Lily Rodriguez '19 Lily Rodriguez ’19Journalism was not exactly on my radar during spring semester of sophomore year as I scrambled in vain for my first internship—in fact, far from it. 

Spring of 2017 brought with it a new anxiety I was completely unfamiliar with: finding an internship. At the time, I had little to no experience under my belt working in a more traditional white-collar “real” job setting. It didn’t help to be virtually going in blind to the search because I had no idea what to look for; I only knew what I didn’t want. While that mindset helped narrow down my options, it quickly became apparent that I was severely lacking in qualifications for many internship opportunities that interested me. I didn’t do anything noteworthy my freshman year other than proudly decide to pursue history as my major, and as a result, my résumé was not very strong. Consequently, I decided to switch gears by focusing on internships that were more traditionally associated with my major, even if they weren’t opportunities that thrilled me exactly. 

While I didn’t realize it at the time, this situation proved to be a very important lesson in learning how to leverage my discipline of choice and tapping into the flexibility of a history degree. Too often are students expected (by parents, friends, Uber drivers, etc.) to pursue career roles that fit preconceived notions of what a given major is supposed to instill. But the reality is that majors are much more transferrable than they seem. In my case, there was nothing wrong with preservation, national park, or museum internships. The problem was that those were simply not the kind of opportunities I sought but rather the only ones everyone thought a history major was equipped for.  

Too often are students expected (by parents, friends, Uber drivers, etc.) to pursue career roles that fit preconceived notions of what a given major is supposed to instill. But the reality is that majors are much more transferrable than they seem.

Needless to say that the semester came to a close, and yours truly was still internship-less. By the time finals week rolled around, I’d heard plenty of the adage to “network, network, network!” It was all good and dandy advice, except I was clueless as to how. So you can imagine my surprise when I ended up with a lead for an internship on the last day of exams thanks to networking. I rode the elevator with a coworker who told me about her experience interning the previous year for the Laredo Morning Times (LMT), my hometown’s local newspaper. With no more time and no other internship prospects in front of me, I decided to take her up on the offer to put me in touch with the paper’s editor.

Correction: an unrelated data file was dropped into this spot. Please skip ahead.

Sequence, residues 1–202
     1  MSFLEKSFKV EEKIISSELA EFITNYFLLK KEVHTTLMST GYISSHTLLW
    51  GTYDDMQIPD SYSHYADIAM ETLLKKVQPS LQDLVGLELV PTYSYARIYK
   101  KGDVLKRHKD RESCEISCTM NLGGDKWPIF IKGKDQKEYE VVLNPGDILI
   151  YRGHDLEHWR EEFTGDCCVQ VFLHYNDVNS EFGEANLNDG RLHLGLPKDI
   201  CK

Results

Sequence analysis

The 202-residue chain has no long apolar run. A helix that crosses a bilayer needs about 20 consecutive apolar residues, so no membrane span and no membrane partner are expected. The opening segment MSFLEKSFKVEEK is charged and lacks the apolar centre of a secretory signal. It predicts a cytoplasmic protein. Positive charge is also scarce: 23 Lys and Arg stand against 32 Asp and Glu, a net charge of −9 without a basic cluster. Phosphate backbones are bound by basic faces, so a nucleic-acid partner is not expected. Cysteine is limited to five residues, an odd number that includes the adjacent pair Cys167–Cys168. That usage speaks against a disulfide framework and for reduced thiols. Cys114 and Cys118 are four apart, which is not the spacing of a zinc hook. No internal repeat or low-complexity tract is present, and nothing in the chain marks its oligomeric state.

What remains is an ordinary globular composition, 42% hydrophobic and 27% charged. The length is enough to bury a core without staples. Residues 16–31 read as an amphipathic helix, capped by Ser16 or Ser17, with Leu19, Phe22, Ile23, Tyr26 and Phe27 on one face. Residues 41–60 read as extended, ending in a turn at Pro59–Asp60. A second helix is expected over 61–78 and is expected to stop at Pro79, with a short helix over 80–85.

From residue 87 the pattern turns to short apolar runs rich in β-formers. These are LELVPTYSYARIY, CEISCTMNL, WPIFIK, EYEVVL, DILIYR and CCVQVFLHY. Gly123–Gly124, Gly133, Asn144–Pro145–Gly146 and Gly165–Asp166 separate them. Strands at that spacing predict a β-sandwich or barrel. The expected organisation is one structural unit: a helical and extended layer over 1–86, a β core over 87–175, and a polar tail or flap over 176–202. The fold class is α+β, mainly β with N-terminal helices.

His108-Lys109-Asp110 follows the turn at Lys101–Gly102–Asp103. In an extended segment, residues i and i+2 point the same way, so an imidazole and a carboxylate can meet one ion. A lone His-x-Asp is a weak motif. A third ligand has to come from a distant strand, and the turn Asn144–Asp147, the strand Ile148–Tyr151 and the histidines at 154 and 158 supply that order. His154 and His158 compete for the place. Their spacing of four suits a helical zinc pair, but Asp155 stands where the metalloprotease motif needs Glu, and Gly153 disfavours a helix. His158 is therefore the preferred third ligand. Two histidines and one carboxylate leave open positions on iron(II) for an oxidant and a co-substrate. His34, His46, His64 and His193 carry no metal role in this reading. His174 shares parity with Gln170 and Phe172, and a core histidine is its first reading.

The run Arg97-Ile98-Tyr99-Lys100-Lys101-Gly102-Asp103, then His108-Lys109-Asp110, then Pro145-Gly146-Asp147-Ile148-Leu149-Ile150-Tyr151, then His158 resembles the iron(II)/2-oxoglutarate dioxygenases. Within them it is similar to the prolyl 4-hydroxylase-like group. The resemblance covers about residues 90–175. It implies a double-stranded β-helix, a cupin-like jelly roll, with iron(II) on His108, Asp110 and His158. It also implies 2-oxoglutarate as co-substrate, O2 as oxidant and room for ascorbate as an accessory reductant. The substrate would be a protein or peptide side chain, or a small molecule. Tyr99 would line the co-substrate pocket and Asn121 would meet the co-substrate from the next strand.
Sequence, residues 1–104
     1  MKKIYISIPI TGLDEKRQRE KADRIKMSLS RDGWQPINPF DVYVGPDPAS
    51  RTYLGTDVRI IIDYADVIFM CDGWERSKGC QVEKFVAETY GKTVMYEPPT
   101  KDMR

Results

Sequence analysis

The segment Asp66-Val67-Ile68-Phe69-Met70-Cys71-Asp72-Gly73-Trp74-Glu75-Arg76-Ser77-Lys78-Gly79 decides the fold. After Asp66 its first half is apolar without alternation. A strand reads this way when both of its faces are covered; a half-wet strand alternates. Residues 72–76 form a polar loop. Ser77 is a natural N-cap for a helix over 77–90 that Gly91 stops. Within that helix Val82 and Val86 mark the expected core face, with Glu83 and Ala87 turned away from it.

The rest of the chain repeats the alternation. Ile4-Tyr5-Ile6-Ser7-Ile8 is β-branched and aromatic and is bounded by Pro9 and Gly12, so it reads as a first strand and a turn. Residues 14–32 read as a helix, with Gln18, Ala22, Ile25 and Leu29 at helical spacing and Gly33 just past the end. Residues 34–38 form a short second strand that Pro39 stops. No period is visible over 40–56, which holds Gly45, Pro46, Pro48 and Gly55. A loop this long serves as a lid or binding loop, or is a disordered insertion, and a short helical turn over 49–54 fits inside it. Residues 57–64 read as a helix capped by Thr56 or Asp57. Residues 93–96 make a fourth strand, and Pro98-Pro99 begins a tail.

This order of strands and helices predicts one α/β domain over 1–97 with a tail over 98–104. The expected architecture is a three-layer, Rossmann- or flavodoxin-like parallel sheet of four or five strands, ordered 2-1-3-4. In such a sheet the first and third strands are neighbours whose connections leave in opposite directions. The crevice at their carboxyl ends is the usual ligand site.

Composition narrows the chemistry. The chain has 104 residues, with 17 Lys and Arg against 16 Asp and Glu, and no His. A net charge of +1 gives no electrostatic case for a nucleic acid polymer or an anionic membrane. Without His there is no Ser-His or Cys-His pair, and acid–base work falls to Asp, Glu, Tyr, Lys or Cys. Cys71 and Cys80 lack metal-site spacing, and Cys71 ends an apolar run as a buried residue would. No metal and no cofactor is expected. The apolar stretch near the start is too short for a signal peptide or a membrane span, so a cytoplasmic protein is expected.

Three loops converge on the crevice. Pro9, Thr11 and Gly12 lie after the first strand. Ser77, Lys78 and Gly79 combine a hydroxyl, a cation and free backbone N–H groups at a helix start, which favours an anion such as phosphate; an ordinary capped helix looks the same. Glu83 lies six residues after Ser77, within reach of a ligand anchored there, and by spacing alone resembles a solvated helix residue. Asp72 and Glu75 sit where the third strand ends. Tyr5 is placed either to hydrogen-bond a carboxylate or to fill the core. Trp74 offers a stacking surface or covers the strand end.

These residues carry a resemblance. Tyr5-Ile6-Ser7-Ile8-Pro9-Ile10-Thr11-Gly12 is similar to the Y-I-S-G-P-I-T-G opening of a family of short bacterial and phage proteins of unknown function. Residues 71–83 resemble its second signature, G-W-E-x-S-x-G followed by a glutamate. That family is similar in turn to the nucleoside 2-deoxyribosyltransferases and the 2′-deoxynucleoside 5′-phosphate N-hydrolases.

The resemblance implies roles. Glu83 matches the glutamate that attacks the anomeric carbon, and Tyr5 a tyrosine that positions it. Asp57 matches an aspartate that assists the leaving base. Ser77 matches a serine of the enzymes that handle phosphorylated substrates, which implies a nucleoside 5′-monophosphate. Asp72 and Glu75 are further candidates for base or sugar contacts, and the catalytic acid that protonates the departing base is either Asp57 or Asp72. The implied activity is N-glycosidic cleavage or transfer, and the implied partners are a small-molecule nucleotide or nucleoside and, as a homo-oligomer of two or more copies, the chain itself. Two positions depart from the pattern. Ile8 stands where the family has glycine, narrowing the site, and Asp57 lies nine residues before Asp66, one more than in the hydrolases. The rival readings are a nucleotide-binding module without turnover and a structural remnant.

Nick Georgiou, the editor, followed up with me immediately and took me onboard. He was my supervisor for the two-and-a-half months I worked there. While at LMT, I picked up skills in developing and pitching stories, conducting interviews (in person and over the phone), writing in AP style, being the liaison between press agents and media outlets, and attending press and public events. I wrote, drafted, proofread, and translated everything from articles to advertisements. Laredo’s predominantly Hispanic population and uniqueness of being a border town also allowed me to develop these skills in a multicultural context. Writing, interviewing, and speaking in Spanish were crucial components of my job that I performed on a daily basis. Moreover, the ability to generate and publish what could sometimes be considered difficult yet essential narratives helped underscore for me the importance of engaging with the community. The people I had the privilege of working with included a homeless teen student whose father was deported when she was a child, a survivor of domestic abuse, veterans, patients with AIDS, families lacking access to healthcare, illegal immigrants, a disabled father of three, child survivors of trauma and neglect, and more.

Initially, I viewed the skills I brought from SU to the newsroom as few and humble, paling in comparison to those I’d picked up by the end of the summer at LMT. However, it didn’t take long for me to realize it would have been impossible to fulfill my duties without them as a foundation. Furthermore, the skills drilled into me by my history professors enriched my work and allowed me to perform better. Such skills included synthesizing lots of information quickly and formatting it in a coherent manner that was accessible to a wide audience. Another very useful one was proper contextualization. Thanks to essentially being a walking chronology of what happened, when, why, and how in most eras marked by written historical record, I was able to understand and situate current affairs within the broader world stage. Lastly, finding evidence with few leads while on a time crunch in order to piece together a breaking story was very similar to looking for historical evidence—manuscripts, photographs, speeches, government publications—to construct an argument.

While on the surface level, it might seem like such abilities can be acquired anywhere or that anyone can perform them well, I quickly learned that was not the case. They are an innate part and direct consequence of studying history and translate well to daily life, not just to a job. These days, with undergrad behind me, I value all my skills profusely and network much more than ever.